Muscat: Doctors taking care of patients infected with COVID-19 in Oman’s government and private hospitals are taking every precaution to protect themselves and others from infection, and work in shifts round-the-clock to provide necessary medical care to them.
Both public and private sector hospitals in the country follow the advice of the Ministry of Health and the World Health Organization to treat such patients.
“Initially, there was some anxiety from our doctors when it came to treating COVID-19 patients, because they were concerned about contracting infection from them and transmitting it to their family members and others,” said Dr A Basheer, a senior internist at Badr Al Sama Hospital. “However, we employed our psychiatrist to speak with all of them and encouraged them to discuss their problems, which helped calm our doctors and treat these patients as we would anyone else.
“Of course, we have to wear our PPE (personal protective equipment) before going to see the patients, and this is a practice that needs to be followed by all doctors treating them,” he added. “There is no one doctor or one team that has been set up to deal with these patients, because all the doctors are involved in some or the other capacity. If a person has breathing trouble due to COVID-19, then we will call for the cardiologist, for example. Our internists, neurologists, cardiologists, pulmonologists, everyone is involved in their treatment.”
Badr Al Sama, with the permission of the Ministry of Health, leased a building in Muttrah to isolate patients who show the symptoms of COVID-19, but have not yet contracted the disease. Patients are kept there until they show no more sings of the disease, but should they worsen, they are transferred to isolation wards that have been set up to treat infected patients.
Until last week, this facility had reached its maximum capacity of 40 patients, and was used to house those who did not have the means to conduct isolation within their own homes. All of those patients have been released after receiving a clean bill of health, and there are currently around 20 patients in the building.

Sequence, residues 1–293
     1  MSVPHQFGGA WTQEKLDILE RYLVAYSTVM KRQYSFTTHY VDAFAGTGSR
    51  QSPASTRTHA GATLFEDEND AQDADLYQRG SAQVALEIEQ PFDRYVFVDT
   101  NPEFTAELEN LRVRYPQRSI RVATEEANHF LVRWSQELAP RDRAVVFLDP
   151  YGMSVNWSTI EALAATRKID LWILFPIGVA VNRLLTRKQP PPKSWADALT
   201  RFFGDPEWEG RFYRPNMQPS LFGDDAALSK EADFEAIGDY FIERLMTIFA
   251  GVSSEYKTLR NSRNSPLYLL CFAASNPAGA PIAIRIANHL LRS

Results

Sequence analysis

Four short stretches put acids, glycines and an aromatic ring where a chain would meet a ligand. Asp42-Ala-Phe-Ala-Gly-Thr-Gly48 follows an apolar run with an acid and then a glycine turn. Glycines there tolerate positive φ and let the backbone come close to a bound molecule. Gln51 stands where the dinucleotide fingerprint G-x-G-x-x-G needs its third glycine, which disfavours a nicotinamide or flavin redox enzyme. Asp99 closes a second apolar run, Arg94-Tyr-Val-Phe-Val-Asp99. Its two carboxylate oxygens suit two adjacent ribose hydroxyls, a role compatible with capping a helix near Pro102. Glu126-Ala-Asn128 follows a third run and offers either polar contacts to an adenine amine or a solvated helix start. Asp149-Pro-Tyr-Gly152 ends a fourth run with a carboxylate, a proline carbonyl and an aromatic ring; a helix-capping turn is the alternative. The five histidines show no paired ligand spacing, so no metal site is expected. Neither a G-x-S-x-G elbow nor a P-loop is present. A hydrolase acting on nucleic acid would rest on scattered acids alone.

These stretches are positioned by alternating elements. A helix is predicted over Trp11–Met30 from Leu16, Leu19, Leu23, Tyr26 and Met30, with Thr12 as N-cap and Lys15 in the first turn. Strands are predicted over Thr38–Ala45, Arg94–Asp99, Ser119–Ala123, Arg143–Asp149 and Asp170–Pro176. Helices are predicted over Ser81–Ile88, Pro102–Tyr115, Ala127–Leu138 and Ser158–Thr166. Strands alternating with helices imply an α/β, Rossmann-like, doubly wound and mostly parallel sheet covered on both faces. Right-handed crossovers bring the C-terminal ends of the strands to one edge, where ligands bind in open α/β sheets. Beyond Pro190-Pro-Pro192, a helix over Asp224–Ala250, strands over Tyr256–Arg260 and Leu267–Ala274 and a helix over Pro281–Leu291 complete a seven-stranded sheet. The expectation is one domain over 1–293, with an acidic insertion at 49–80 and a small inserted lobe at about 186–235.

“Doctors are available to take care of these patients on a 24-hour basis, so we need to take precautions even when we come home,” explained Basheer. “Otherwise, there is a chance we could pass this disease onto others, should we come into contact with patients who have it. Our clothes have to be put for wash immediately, and our shoes kept separate from the others’. We also need to take bath the moment we come home, so that we can sanitise ourselves and keep our families safe.”
At Al Masarra Hospital, doctors are faced with a more unique challenge: they take care of mentally disadvantaged patients who have contracted the disease, and as Dr Preeti Srivastav, one of the doctors who works there says, this requires an approach that is different to those followed by other hospitals.
“The difference between our hospital and the patients in any other hospital is that we have mentally challenged people here,” she explained. “Any other hospital would have patients who would follow your instructions. If, for example, you tell them to stay inside or not do something, they will listen, but our patients are very different and this is a big challenge we have.
“With regards to COVID-19, all the hospitals in the Sultanate were asked to prepare themselves, so we do have separate male and female wards, which were in accordance of and met the specifications of the Ministry of Health. We are the frontline units against such infection, so the hospital readily provided us the required protective equipment.”
Her colleague, Dr Amina Al Ghamari, oversees one of the two units set up for dealing with the novel coronavirus at Al Masarah, needs to be available throughout the day to deal with the needs of the patients, even when she is not at the hospital. It is a task she performs happily, so that those who suffer from the disease can be quickly cured of their symptoms.
“I receive calls from the hospital, even at midnight that require me to ease the tensions faced by our medical teams,” she added. “I am a mother and I have children, but I am trying to be stronger than others to be the ideal person for everyone so that we can easily overcome this period together. We’ve actually learned a lot from this pandemic, including dealing with panic-causing situations, pressure and facing challenges as one. We’ve also learned how to deal with our children during times of crises."
“We face many challenges related to mental and psychological health from our infected patients,” she revealed. “This does make our mission to care for them harder, as compared to other hospitals that are housing COVID-19 patients. Our patients unfortunately suffer from nervous agitation from time to time, and it is difficult for us to provide care to them when they are in such a state. We need to take care of them for a period of 14 days after they’ve exhibited no symptoms of the disease.